The "free look clause" in an insurance policy is a consumer protection clause. It states that the consumer has a certain number of days, usually ten, to review the terms of a health insurance policy once receiving it. If you decide the policy does not suit you, or if you feel the terms as stated in the policy contradict what you discussed with the agent or insurance company, you can return and cancel the policy and receive a full refund of any premiums paid. Make sure you adhere to the terms of the free look clause to avoid any hassles. It is suggested you remember that not all policies offer a free look clause, so when you are shopping for policies make sure to ask about this.
Whether you are investing in individual health insurance or have group health insurance, chances are you will be subjected to a waiting period. During a waiting period, which can range from a few weeks to usually no more than six months, your insurance plan will not pay benefits. This is a device used by insurers to limit their liability or risk. The idea is that new enrollees in a health insurance plan may have "roll-over" illnesses or pre-existing conditions the services for which the insurer does not want to pay. When shopping for or switching to a new health insurance plan, make sure you understand all restrictions regarding waiting periods, pre-existing conditions, and how they will affect you from both a financial and health care standpoint.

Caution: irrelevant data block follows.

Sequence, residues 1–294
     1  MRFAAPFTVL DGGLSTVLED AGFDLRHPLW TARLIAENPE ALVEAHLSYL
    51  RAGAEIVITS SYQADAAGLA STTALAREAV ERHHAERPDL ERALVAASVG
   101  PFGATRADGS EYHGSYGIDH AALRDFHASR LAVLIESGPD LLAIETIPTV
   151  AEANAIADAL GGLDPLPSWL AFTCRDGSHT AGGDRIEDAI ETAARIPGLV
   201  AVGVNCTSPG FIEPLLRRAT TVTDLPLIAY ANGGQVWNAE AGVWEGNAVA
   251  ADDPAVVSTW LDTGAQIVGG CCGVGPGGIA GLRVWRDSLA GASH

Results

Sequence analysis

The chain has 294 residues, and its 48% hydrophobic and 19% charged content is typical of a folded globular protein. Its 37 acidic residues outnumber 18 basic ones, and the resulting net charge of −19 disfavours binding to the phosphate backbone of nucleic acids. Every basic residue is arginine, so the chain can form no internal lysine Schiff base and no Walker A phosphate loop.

A single disease health insurance plan is just as it sounds. It is a plan that is designed to only cover one disease. This type of insurance plan is available to cover a range of extremely serious illnesses such as cancer and multiple sclerosis. Make sure when you are gathering your individual health insurance quotes that you are not being quoted prices on single disease insurance plans, unless that is what you are specifically seeking. These plans will not cover routine or emergency health care costs, other than for the single illness defined in the policy.
The phrase individual health insurance, also called personal health insurance, can be misleading. Individual health plans can cover a single person, a couple, or an entire family. Investing in individual health insurance does not mean that only you can be covered. The term "individual" refers to the fact that the coverage is being purchased by an individual directly from an agent or insurer rather than through an employer's or professional association's group contract. Many people who buy individual health insurance, work for themselves as freelance contractors or own a small business, and are seeking to provide coverage for their family and a few employees. Individual health insurance is usually more expensive than purchasing through a group and generally covers a more narrow range of goods and services.